Collection Title: Brecon & Radnor express Carmarthen and Swansea Valley gazette and Brynmawr district advertiser
Institution: The National Library of Wales
Rights: The copyright status or ownership of this resource is unknown.
EADIE'S For Good Boots. Builth Wells, Llandrindod Wells, Llanwrtyd Wells and Talgarth. w .(j (4i Evans' Motor TELEG;ORS' ? can give prompt delivery of < ? M otos Buick-6 Cylinder, R345. i ?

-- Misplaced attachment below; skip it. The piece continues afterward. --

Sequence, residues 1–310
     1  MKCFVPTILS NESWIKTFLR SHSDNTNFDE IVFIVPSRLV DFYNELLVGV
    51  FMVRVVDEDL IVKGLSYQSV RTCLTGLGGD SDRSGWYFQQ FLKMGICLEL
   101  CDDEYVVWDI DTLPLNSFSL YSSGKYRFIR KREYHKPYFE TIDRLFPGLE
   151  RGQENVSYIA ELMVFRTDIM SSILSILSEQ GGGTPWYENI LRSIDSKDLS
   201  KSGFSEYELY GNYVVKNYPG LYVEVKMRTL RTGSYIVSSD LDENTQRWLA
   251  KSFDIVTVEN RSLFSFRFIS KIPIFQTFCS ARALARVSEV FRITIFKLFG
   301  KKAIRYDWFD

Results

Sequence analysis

Spa's Council. THE BILLETING OF TROOPS. TRIBUTE TO SIR FRANCIS EDWAEBS, M.P., AND MR W. LEWIS. The monthly meeting of the Llandrindod W ells Council was held at the Town Hall, Llandrindod Wells, on Friday, when there were present Mr Tom Norton (chairman), Mr J. Coombs (vice- chairman), and Messrs. R. Page, W. A. Sims, T. Evans, Jeffrey Jones, C. H. Williams, J. L. Wilding, J. O. Bufton and W. Saunders, B.A.. B.Sc., with the clerk (Mr D. C. Davies) and the surveyor (Mr T. L. Oliver, B.Sc.). Sendees of Sir Francis Edwardfe, M.P., and Mr Wm. Lewis. The special committee appointed to deal with the billeting of troops at Llandrindod Wells ask- ed the council to express most grateful thanks to Sir Francis Edwards, M.P., and Mr William Lewis, of London, for the groat trouble they had taken in this matter, including the arranging for an interview with Mr L Tennant, the Under- Secretary for War. The chairman moved the a.lc-tion of the latter report, saying he hoped the caning of the 250 men would only be the beginning of a much larger movement. Mr J. 0. Buft-on said Llandrindod Wells had every reason to congratulate itself upon its suc- cess. The Western Command had such a large number of hutments that towns, like Llandrindod Wells, within its area were in a less favourable position than similar towns in other Commands. Several gentleman had done much to help the council in this matter. Mr William Lewis had used his utmost efforts to do all that-was con- ceivably possible. to help them. and, so far as Sir Francis Edwards, M.P., was concerned, no stone had been left unturned to bring about success. (Hear, hear.) It was Sir Francis who succeeded in obtaining a.n interview for them with Mr H. J. Tennant, the Under Secretary for War, and they knew that, for several days, Sir Francis spent a good part of his time in different Govern- ment offices trying to further the interests of Llandrindod Wells. The success which had at- tended his efforts on this and other occasions made them regret very deeply that they could not look forward to Sir Francis continuing as member for the county. The withdrawal of Sir Francis from the Parliamentary representation of the county would be one of the greatest losses the town or the county had ever had. They were bound to -extend to both these gentlemen their very best thanks for the splendid services they had ren- [ dered. This was agreed to. Roads Committee—Surveyor's Good Work. The Roads Committee reported that the ap- proximate cost of reforming and making good the foundation, of the portion of Temple street be- tween Temple Square and Montpellier Park Road would be £ 30, inclusive of materials, haul- ing and labour. A conference had been held with the various frontagers in Broadway, and they were inclined to have the footway on the north side properly laid in cement and concrete. The clerk had been instructed to report as to whether it was advisable for the suggested footway to be constructed by the council as "part, of a street" under the provision of the Private Street Works Act, 1892. The cost of laying pipes in the ditch on the west side of Tremont Road had been esti- mated by the previous surveyor at £120, towards ■which the Radnorshire C-ounty Council had offer- ed to contribute £ 60. The clerk had been in- structed to endeavour to arrange for a meeting -with the divisional engineer of the L. & N.W.R. Co., to which company the ditch belongs, when he was next in the district. The surveyor report- ed that the average width of the roadway between the Emporium Square and the Hospital' was 17ft. 6in., and that on the west side a. strip of waste land, about 8ft. in width, intervened between the metalled portion and a wire fence on the railway company's boundary. The cost of widening the metalled portion of the carriage-way, to the ex- tent of 4ft., would be about X50. The surveyor had been instructed to proceed with this work in due course. The question of steam-rolling had been considered, and the necessary instructions given. The report was adopted. x Military Service Tribunal. I After a carefully prepared statement had been I made by the clerk as to the constitution of the tribunals under the new Military Service Act, Mr C, H. Williams moved that the tribunal, which had been acting under the Derby group system, should be appointed to act under the Military I Service Act. He said these gentlemen had ac- quired a great deal of valuable experience, and it would, therefore, be most inadvisable to ap- I' point new men to do similar work. He was very glad to say that there were hardly any men in the town of military age who did n,ot attest under the I Derby group system. ￼ Mr T. Evans seconded, and Mr Coombs sup- I ported the motion, which was agreed to. The tri- j lbunal will, therefore, consist of the Chairman, the Vice-Chairman, Mr J. Jones, Mr R. Page and Dr. J. Morgan Evans. The clerk mentioned that the L.G.B. were mak-- ing enquiries as to the working of the tribunals under the Derby scheme. They had selected 18- six corporations, six urban areas and six rural area.s-to give this experience, andLlandrindod Wells was chosen as one of the smaller urban areas. That was a great honour to the council and to the town. ( Hear, hear.) 1 M.O.H. Report. §f The M.O.H. (Dr. Murray) reported that there t were four births in January and three death- ? one of the latter being a soldier who did not he- 1.' I long to the town. The rainfaU fcr the month was K 3.36 inches. K Water Works Committee. I. Mr Coombs moved the adoption of the Water I "Works Committee, and, in reply to Mr J. Jones, he said the materials for carrying out the repairs to the mechanical filters and the reservoir had been ordered and had, in part, arrived. They hoped to proceed with the work as soon as possible, and to have all done before Easter. The mechanical fil- ters must be repaired 'before the work at the re- servoirs could be done. Miscellaneous. Mr Evans mentioned that a good deal of trouble was being experienced in parts of the town because of rats, and on his suggestion (supported by Mr Sims and Mr Williams) it was decided to enquire as to what terms a professional rat-catcher would be employed upon. The clerk said he had received a letter from Mr H. D. Phillips (secretary of the Convention) stating that it was probable that, if the air raids continued, it Would be impossible to erect the Con- vention marquee this year, and that in tha.t case the use of the Grand Pavilion might be necessary. He (the ckrk) took it the council would regard t.lis application favourably, and, subject to terms being arranged with the lessee, would give their consent and support. This was agreed to. On the recommendation of the Estates Gommit- tee, it was decided to allow the. use of two rooms I at the Public Library as writing and recreation rooms for the members of the R.A.M.C. shortly to be billeted in the town, subject to the various re- ligious bodies providing such furnishings as were necessary and defraying the cost of lighting and cleaning. Arrangements were made for the valu- able antiquities from the Castell Collen Camp to be temporarily housed in the "Mayor's Parlour," so tha.t the rooms may be at the disposal of the soldiers. Several other matters, including the new J.P. list and the lighting of the town, are reported in other columns.